CL329/CL332 Engineering Mathematics (Statistics), Year 3, 10 credits/5 ECTS, Semester 2 (sole lecturer)

CL986/CL939 Qualitative And Quantitative Research Methods, MSc., 10 credits/5 ECTS, Semester 1 (contributing lecturer)

CL448 Individual Project, Year 4, 20 credits/10 ECTS, Semesters 1 and 2 (project advisor)

Research interests

To evaluate the potential impact of a natural peril (e.g. an earthquake) it is necessary to consider the following three aspects:

  • hazard (e.g. how the ground shakes during an earthquake);
  • vulnerability (e.g. how a building responds to this shaking); and
  • exposure (e.g. how many of these buildings are in the zone of interest).

The combination of these three factors provides an estimate of the risk, which expresses the chance that a certain undesirable event (e.g. building collapse) may occur.

It is important to distinguish between the hazard, which cannot be altered, and the risk, which can be reduced (mitigated) by lower the vulnerability and exposure of the building stock. My research aims to improve earthquake risk evaluation for engineering purposes, in particular through the reduction of uncertainties in seismic hazard assessments. It is important that the hazard is neither over- nor under-estimated. Examples of the latter are dramatically displayed by damage to buildings that were constructed in accordance with the expected ground motion in the region. An over-estimated hazard leads to higher construction costs for seismic resistance, which consumes resources that could be better spent tackling other problems.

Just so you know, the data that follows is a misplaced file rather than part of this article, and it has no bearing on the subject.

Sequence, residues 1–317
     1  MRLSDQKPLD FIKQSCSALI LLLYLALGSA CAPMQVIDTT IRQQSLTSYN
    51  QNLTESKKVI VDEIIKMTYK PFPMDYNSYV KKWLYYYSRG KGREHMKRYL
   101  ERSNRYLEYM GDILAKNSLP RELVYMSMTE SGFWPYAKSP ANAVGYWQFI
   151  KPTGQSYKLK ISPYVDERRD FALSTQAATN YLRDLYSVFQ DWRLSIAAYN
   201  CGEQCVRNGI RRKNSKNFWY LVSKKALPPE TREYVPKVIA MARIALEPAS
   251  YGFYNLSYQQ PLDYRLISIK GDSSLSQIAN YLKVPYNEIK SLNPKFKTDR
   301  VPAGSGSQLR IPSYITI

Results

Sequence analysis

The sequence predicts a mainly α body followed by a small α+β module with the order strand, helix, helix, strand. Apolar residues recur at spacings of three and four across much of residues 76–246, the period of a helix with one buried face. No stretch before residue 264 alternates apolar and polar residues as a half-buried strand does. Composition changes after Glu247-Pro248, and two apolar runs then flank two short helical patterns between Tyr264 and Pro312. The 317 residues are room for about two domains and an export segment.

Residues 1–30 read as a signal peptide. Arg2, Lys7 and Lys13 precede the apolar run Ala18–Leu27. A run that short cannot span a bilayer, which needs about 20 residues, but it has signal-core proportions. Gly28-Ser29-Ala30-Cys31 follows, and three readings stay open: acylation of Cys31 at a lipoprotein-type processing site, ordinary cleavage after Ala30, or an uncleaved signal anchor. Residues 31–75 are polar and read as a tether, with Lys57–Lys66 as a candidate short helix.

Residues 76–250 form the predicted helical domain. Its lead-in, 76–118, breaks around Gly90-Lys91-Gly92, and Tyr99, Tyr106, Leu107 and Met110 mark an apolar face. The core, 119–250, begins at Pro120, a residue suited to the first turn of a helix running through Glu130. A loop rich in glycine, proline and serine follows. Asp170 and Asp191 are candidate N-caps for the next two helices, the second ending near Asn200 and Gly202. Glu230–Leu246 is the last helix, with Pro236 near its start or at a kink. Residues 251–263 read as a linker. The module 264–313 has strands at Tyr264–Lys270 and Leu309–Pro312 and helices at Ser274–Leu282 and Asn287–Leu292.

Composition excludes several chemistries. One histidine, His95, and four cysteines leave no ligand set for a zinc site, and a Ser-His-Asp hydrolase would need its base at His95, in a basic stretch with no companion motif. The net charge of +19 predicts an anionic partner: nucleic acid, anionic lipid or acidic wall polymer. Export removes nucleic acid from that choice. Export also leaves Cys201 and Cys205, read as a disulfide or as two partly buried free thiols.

At Strathclyde I am particularly interested in problems related to hazard and risk assessments for the power and energy sector. For example, high-importance power facilities such as nuclear power plants must consider the impact of earthquakes. Another research focus is induced seismicity from projects in the geothermal and shale gas sectors.

As an engineering seismologist, one of my main interests is improving ground-motion prediction, i.e. providing better models of the shaking to expect at a site given a particular earthquake at a certain distance. Such models are a basis of seismic hazard assessment. I maintain a compendium of published models, which now number many hundreds.

Professional activities

16th European Conference on Earthquake Engineering
Member of programme committee
16th European Conference on Earthquake Engineering
Invited speaker
Invited talk on "Current practice on the use of empirical ground motion prediction models for seismic hazard assessment in nuclear installations" (exact title not yet decided)
Discussion of strong ground motion prediction equations for seismic hazard analysis
Journal of Bridge Engineering (Journal)
Peer reviewer
Icelandic Research Fund (External organisation)

more professional activities


Consultancy for Fircroft
Douglas, John (Principal Investigator)
Reviewer of the ground-motion prediction part of the Groningen induced seismicity risk assessment
Period 06-Jul-2015 - 28-Oct-2015

more projects


Civil and Environmental Engineering
James Weir Building